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Yet another chapter in the mammoth and irrefutable body of evidence on the harms of smoking comes from new research on the relationship between expectant mothers’ cigarette habits and the academic success of their offspring: Yale University researchers have found a demonstrative gap between the reading abilities in the children of women who smoked during their pregnancies and the children of women who refrained from the unhealthy habit.

Indeed the Yale researchers found that the children of a large sampling of British women who smoked more than a pack of cigarettes a day during pregnancy struggled with reading comprehension on assessment tests that evaluated their skills as they read aloud.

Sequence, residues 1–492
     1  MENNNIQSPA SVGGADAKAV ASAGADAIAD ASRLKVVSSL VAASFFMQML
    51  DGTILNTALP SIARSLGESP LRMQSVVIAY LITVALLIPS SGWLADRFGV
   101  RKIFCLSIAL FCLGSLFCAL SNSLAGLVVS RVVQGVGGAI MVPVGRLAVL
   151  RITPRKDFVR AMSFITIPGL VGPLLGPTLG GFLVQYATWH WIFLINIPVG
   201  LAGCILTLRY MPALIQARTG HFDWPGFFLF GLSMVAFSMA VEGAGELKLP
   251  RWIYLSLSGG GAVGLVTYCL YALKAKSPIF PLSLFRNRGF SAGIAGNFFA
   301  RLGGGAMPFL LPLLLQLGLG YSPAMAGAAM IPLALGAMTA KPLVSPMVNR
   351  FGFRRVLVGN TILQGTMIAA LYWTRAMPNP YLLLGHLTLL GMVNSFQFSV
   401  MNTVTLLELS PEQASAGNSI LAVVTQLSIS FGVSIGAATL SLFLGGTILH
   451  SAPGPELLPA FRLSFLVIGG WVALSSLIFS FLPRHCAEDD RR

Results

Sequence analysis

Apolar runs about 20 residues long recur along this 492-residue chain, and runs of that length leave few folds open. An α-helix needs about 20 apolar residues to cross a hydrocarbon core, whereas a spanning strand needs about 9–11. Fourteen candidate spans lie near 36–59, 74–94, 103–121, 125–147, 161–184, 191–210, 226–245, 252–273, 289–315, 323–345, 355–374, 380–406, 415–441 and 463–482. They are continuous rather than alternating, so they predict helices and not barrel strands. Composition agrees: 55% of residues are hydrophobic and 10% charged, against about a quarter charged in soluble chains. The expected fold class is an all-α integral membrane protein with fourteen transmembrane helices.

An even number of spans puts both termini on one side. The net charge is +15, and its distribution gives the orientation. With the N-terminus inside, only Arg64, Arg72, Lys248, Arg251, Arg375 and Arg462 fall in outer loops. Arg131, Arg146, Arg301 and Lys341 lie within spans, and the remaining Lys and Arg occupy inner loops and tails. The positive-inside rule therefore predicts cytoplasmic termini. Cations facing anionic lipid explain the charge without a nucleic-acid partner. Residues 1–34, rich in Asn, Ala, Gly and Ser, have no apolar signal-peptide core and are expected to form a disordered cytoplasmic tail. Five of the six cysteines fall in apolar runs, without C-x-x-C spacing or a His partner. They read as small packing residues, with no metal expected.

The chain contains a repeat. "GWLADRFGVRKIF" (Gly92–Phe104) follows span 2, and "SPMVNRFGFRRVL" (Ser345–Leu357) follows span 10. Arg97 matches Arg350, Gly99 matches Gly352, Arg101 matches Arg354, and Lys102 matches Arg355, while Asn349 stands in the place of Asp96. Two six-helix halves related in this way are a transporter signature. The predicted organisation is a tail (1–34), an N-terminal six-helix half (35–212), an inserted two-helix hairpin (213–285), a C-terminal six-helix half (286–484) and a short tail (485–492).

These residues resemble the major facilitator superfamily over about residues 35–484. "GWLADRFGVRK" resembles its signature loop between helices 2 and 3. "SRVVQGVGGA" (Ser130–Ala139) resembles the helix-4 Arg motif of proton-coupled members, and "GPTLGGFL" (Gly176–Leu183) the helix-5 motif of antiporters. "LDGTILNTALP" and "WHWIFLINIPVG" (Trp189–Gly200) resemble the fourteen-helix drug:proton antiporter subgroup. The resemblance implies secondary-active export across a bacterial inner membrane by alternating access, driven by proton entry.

The researchers say the study suggests a strong relationship between the environmental impacts of smoking on the genetic trait of phonological ability.

“It’s not a little difference—it’s a big difference in accuracy and comprehension at a critical time when children are being assessed and are getting a sense of what it means to be successful,”  Dr. Jeffrey Gruen, a professor of genetics and pediatrics at Yale said in a university news release.

The findings were published recently in the journal Pediatrics.

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